And when the time came for the actual taping, and I found myself actually sitting near Al alongside the other Steppin’ Out regulars, and actually swapping quips with him throughout the show… Well, let me put it like this. Years ago, I found myself seated next to Andrew Sarris and Molly Haskell on a film festival panel. Years before that, Judith Crist called on me from her podium to supply her with a movie title she couldn’t remember while lecturing at Loyola University of New Orleans. How did I feel on those occasions? Pretty much how I felt during the Steppin’ Out taping.

Al died Thursday of cancer at age 80. On Saturday, I will turn 57. If I can remain as involved and enthusiastic as Al was the last time I saw him, and I’m still able to express my love for film as intelligently and joyfully as he expressed his love for local theater during that Steppin’ Out episode, for another 23 years… I’ll probably ask for another 23, or more, of the same. And I'll still be thanking Al Shea for being one of my early inspirations.

Review: American Harmony

Filmmaker Aengus James sympathetically captures the trills of victory and the agony of defeat at the International Championships of Barbershop Singing in American Harmony, an efficiently constructed and emotionally involving documentary with a sharp eye for revealing detail and a pleasing amount of low-key charm. It's kicking off a limited theatrical run today at Houston's Angelika Film Center and other theaters, and you can read my Variety review here.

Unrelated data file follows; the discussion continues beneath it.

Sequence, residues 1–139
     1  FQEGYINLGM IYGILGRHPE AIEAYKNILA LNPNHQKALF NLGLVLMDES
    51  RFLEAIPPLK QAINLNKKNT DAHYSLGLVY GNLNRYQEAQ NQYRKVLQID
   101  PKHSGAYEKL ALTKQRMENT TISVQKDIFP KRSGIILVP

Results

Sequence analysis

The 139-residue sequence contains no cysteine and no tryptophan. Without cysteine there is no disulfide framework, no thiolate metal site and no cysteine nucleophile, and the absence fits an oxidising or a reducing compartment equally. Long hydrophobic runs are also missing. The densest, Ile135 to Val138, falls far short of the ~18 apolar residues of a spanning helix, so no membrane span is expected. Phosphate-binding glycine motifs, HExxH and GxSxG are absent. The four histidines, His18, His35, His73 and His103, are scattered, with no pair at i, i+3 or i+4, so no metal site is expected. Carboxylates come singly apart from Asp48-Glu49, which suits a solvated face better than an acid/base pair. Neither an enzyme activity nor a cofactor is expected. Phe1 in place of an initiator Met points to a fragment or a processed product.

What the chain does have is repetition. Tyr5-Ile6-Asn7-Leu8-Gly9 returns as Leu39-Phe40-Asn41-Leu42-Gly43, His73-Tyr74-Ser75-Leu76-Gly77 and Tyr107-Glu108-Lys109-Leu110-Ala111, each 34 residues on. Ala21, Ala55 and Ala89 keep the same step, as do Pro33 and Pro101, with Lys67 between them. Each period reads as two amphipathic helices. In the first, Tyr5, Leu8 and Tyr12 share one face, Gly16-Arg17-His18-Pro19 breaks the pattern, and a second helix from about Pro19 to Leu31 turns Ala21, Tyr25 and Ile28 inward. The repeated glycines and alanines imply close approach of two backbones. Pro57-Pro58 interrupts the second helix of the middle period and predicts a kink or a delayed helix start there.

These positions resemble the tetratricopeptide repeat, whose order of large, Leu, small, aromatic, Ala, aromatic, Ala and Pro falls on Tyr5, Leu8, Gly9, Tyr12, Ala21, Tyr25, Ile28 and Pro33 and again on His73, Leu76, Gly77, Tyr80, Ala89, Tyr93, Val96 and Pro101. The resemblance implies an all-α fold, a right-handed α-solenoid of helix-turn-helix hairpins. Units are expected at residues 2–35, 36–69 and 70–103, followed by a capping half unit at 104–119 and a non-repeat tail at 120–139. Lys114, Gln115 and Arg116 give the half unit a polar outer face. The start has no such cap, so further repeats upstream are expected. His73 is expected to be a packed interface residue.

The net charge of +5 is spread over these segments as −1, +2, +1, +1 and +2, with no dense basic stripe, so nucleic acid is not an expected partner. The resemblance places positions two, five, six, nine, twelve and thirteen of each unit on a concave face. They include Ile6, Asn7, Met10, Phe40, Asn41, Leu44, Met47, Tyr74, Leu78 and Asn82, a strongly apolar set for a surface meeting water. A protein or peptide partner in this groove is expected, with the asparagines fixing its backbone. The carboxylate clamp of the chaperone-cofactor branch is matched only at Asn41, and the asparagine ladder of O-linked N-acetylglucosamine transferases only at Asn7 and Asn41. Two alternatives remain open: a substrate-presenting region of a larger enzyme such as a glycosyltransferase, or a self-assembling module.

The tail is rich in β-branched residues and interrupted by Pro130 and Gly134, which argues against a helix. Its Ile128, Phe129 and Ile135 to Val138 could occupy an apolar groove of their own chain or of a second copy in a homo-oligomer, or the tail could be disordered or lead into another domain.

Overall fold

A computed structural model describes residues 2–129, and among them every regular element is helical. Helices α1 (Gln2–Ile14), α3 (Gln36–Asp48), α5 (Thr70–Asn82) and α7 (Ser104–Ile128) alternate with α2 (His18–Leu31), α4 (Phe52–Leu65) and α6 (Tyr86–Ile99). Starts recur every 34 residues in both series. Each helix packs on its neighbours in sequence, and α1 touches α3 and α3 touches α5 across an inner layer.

Wednesday, August 19, 2009

Danny Boyle: Cool dude

Danny Boyle poses with his Best Director award (for Slumdog Millionaire, of course) from the Houston Film Critics Society. And before you ask: Yes, I voted for him. And no: He didn't shake it while murmuring: "Rosebud."

Review: Kaminey

Imagine a freewheeling Bollywood version of a Guy Ritchie seriocomic caper and you're ready for Kaminey, a tasty cinematic masala that is energetically entertaining, if not consistently coherent, while charting the misadventures of estranged twin brothers (both played by Kismat Konnection star Shahid Kapoor) who are repeatedly mistaken for each other by heavily armed antagonists. You can read my Variety review here.

Britney Spears for President

A bikini-clad Commander in Chief? Why the hell not?

Monday, August 17, 2009

It's official: Sarah Palin is a punchline

Listen to Sarah Jessica Parker's throwaway line in this trailer -- for a movie that, not incidentally, looks pretty damn funny -- and you'll see what I mean.

Sunday, August 16, 2009

St. Elmo's Fire: The Series

Actually, I'm surprised somebody didn't already try this years -- no, make that decades -- ago.

Wednesday, August 12, 2009

Review: The Art of War III: Retribution

The third time isn't the charm. See my Variety review here.

Bacon and Baldwin: Remembering John Hughes

Over at the Huffington Post, Kevin Bacon and Alec Baldwin fondly recall working with John Hughes on She's Having a Baby. Interestingly, Bacon confirms what I noted a few days ago -- the film was an autobiographical effort by Hughes -- but goes a few steps further: "The fact that it didn't perform as well as some of his other films was extremely hard for him, because he felt like, 'Okay, I'm doing something now that is truly from my heart,' and in a way, I was really playing him."

Just how weird were the '70s?

Back in the day, a major Hollywood studio -- in this case, Warner Bros. -- might release something as odd as... Performance.

Sunday, August 09, 2009

Summer surges